Rotation-bound Dunning sheds light on mystery pitch

February 28th, 2024

SCOTTSDALE, Ariz. -- started four of his six appearances last spring, but he broke camp in the Rangers’ bullpen. He went 2-0 with a 1.77 ERA over eight April relief appearances, putting in important innings as Texas raced out to an early lead in the American League West.

But when Jacob deGrom was lost for the season six starts into his Rangers tenure, Dunning was called to the rotation. All he did was turn in the best season of his career. He made the first of his 26 starts on May 5 and provided some stability as the club made the postseason for the first time since 2016, then captured the first World Series title in franchise history.

This spring, Dunning appears to be a lock for the Opening Day rotation, especially with deGrom, Max Scherzer and Tyler Mahle all starting the season on the injured list. Despite that job security and last year’s success, Dunning has talked about adding a pitch to his arsenal, but he’s been cagey about what this new pitch is. Making his second start of the spring on Tuesday against the D-backs at Salt River Fields, where Statcast pitch tracking data is available, Dunning may have let the cat out of the bag.

“It was nice to get an out with the new pitch and not spike it 47 feet, so that was kind of cool, popped him up to center,” he said, referring to Geraldo Perdomo’s second-inning popout on what Statcast called a splitter.

The start was a mixed bag for Dunning, who ended up allowing two runs on two hits with two strikeouts, a walk and a hit-by-pitch in two innings in the Rangers’ 10-3 win. He threw 40 pitches total, 28 in the second inning.

“I got into trouble but worked out of certain situations, made some pitches when I needed to, but I just can’t get myself into those positions to begin with,” he said.

But working out the kinks is what spring is for.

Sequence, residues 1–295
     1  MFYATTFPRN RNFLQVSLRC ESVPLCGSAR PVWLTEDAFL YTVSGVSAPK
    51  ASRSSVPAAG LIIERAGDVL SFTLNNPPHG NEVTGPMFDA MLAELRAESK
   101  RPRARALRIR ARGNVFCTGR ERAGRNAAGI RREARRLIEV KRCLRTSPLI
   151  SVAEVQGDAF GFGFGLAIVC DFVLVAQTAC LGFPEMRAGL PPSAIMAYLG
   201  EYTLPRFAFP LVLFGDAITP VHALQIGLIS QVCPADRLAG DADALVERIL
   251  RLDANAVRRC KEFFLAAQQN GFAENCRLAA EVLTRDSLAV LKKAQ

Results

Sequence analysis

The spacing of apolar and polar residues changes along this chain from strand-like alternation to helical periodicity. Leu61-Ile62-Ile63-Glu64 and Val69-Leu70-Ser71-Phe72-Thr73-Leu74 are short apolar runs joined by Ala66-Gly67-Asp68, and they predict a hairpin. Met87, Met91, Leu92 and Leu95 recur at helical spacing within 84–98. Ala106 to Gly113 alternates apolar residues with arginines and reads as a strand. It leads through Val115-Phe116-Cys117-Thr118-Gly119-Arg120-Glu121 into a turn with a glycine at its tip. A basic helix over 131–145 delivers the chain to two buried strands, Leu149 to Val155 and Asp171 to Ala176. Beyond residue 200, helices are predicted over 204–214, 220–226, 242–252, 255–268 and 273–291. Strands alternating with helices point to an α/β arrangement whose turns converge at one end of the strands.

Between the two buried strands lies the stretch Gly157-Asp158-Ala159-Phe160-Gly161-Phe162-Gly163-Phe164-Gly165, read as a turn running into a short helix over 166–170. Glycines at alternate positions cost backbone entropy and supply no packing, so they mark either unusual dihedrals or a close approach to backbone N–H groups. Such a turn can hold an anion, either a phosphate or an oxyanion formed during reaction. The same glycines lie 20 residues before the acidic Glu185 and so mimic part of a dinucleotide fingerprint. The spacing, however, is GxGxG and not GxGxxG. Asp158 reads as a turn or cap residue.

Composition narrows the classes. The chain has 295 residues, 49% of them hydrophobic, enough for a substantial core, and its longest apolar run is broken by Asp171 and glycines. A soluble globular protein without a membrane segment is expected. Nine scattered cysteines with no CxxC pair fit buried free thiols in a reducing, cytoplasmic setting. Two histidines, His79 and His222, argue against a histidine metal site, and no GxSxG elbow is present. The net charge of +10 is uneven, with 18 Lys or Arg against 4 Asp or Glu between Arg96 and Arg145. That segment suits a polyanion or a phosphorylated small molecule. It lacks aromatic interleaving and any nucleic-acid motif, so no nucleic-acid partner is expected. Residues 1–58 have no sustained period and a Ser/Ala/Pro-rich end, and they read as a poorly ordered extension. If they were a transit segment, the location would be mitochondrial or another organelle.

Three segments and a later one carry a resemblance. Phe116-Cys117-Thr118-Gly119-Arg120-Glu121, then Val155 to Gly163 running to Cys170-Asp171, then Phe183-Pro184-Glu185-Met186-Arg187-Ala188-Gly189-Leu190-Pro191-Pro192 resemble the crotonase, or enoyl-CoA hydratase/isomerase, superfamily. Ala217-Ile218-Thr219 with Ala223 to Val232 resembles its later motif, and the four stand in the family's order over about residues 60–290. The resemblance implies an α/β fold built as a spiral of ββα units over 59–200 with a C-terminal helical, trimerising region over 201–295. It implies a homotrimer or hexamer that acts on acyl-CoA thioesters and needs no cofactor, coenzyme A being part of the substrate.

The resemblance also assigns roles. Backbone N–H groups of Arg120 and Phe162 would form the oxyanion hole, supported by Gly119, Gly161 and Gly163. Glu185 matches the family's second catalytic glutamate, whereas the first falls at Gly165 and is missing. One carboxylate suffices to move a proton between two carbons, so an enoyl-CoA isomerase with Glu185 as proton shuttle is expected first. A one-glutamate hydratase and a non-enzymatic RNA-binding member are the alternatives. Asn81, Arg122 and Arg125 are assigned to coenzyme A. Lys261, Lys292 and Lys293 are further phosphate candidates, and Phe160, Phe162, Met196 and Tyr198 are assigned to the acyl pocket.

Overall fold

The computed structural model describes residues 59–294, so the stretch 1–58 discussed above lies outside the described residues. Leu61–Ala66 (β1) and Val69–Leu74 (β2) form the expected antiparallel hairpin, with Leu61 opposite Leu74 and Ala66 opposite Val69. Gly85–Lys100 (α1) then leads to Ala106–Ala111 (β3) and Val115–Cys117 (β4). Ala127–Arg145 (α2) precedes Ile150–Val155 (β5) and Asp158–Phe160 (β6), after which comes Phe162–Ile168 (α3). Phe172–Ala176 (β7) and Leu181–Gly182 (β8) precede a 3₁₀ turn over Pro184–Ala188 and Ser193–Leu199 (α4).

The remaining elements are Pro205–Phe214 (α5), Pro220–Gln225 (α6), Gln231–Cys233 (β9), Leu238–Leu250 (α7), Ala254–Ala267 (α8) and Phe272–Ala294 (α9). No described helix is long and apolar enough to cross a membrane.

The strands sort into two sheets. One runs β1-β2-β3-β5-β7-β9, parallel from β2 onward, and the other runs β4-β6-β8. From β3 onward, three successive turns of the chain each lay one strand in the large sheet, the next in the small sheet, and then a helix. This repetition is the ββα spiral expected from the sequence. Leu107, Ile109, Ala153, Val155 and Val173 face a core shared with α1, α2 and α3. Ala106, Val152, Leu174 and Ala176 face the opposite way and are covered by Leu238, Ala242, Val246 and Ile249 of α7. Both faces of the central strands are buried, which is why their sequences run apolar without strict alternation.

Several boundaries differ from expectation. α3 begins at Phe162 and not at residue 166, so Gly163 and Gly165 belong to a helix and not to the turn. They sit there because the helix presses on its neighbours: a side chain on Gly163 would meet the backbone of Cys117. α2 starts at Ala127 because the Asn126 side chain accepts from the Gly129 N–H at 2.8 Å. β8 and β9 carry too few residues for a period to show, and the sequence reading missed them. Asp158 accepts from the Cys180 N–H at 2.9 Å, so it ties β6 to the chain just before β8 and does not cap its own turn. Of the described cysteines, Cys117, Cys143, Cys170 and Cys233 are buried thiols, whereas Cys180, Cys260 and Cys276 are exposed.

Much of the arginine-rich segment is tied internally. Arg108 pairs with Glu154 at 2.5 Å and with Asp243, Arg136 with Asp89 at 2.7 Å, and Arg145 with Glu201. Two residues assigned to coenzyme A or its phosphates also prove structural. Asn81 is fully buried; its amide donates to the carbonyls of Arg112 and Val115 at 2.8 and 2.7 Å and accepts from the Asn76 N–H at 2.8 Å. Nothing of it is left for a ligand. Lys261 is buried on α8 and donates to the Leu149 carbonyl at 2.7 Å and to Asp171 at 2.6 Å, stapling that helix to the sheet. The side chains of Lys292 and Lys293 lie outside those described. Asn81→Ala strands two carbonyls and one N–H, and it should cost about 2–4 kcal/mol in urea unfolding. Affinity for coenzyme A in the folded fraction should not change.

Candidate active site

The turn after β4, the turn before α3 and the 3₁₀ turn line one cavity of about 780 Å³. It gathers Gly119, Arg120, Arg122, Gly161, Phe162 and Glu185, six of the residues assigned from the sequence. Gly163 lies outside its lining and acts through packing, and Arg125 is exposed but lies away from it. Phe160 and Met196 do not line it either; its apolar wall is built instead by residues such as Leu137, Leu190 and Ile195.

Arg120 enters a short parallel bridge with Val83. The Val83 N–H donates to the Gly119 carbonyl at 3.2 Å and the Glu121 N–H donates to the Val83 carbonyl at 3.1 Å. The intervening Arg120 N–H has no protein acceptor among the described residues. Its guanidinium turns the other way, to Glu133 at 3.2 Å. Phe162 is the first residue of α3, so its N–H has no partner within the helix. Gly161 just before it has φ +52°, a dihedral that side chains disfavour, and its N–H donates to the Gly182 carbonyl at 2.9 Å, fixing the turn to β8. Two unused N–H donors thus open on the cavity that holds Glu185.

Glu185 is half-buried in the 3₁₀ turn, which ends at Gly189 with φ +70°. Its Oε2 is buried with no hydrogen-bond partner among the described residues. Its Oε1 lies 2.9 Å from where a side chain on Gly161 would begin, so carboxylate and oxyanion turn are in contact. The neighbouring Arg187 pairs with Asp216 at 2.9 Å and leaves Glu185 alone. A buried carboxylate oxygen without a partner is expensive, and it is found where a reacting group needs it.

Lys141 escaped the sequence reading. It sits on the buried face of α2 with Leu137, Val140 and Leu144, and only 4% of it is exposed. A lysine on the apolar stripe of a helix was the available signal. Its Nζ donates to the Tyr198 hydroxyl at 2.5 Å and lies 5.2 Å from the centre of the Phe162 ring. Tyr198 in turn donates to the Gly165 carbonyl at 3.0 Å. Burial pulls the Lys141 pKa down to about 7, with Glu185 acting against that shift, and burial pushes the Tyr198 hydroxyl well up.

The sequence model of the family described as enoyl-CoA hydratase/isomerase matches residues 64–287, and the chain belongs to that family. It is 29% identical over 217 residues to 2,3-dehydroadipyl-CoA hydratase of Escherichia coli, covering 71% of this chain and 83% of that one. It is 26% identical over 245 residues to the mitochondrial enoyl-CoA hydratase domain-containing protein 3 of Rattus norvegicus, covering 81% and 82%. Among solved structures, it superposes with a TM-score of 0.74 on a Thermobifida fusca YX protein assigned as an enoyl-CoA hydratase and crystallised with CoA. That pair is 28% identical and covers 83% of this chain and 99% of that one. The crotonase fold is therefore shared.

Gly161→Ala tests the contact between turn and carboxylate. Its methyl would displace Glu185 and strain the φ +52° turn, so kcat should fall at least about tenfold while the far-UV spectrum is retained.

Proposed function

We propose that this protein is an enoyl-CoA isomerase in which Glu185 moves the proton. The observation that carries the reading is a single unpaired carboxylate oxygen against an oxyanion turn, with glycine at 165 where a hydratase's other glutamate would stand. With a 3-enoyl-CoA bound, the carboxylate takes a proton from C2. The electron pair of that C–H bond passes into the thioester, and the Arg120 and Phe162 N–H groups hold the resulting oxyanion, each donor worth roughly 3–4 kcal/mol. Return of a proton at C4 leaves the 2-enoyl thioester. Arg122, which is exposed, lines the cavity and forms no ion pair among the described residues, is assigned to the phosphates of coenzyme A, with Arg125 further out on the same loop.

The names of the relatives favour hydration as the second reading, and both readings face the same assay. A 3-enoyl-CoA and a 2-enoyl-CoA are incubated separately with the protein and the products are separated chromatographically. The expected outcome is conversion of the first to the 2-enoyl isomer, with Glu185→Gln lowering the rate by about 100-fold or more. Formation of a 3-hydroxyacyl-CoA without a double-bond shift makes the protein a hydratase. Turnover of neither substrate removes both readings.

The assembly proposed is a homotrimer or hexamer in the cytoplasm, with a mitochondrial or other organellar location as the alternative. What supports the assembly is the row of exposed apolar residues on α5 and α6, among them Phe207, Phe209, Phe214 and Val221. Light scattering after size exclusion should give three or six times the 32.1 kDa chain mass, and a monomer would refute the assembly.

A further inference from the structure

“Get back in the grind, get my legs under me a little more and get the ball rolling again,” Dunning said of his mentality going into his next opportunity.

Manager Bruce Bochy is all for Dunning using Spring Training to experiment with the stuff that earned him a 10-7 record with a 3.55 ERA last season as a starter.

“It’s all about continuous improvement with players,” Bochy said. “You never arrive in this game; you’re trying to get better, and that’s the case with him.”

Leiter looks to rewrite narrative
Rangers No. 5 prospect Jack Leiter made his second appearance of the spring on Tuesday, coming on to start the fourth. He got hit hard in his first inning, giving up a run on four hits, the damage limited by right fielder Evan Carter throwing out Jose Herrera at home on Ketel Marte’s two-out single. Then he put it back together in the fifth, retiring the side on 11 pitches. The outing was emblematic of Leiter’s 2023 season.

The former No. 2 overall pick out of Vanderbilt struggled to a 5.51 ERA over his first 15 starts with Double-A Frisco and ended up shut down for a month on the Developmental List to work on his mechanics and reset. The move paid off, as he posted a 3.31 ERA in his final four starts for the RoughRiders and earned a one-start promotion to Triple-A Round Rock.

Bochy called this spring a “clean slate” for the 23-year-old and offered this advice:

“Just be yourself. Go out there and compete,” he said. “Jack, as young as he is, does have a résumé and pitched at a top university being one of the best pitchers in the nation. Go out there and just do your thing, and don’t get too caught up in a lot of the things that some people [outside the organization] may think you need to do.

“Have a good spring here and come out of the spring knowing that you can pitch in the Major Leagues.”

Leiter couldn’t agree more.

“I can only control what I can control, and that’s the task at hand and getting better one day at a time,” he said. “In my head, it’s a clean slate, of course. I did a lot of stuff this offseason and made a lot of progress, and now it’s time to just wait and see if the results take care of themselves.”

World Series rematch, spring edition
Marcus Semien, who homered in the ninth inning of the Rangers’ World Series-clinching Game 5 win on Nov. 1, went deep on the first pitch of Tuesday’s Cactus League rematch with the D-backs. It was Semien’s first homer of the spring in his fourth at-bat.

Backup catcher Andrew Knizner, serving as the DH, added a three-run shot as the Rangers spoiled the D-backs debut of left-hander Eduardo Rodriguez.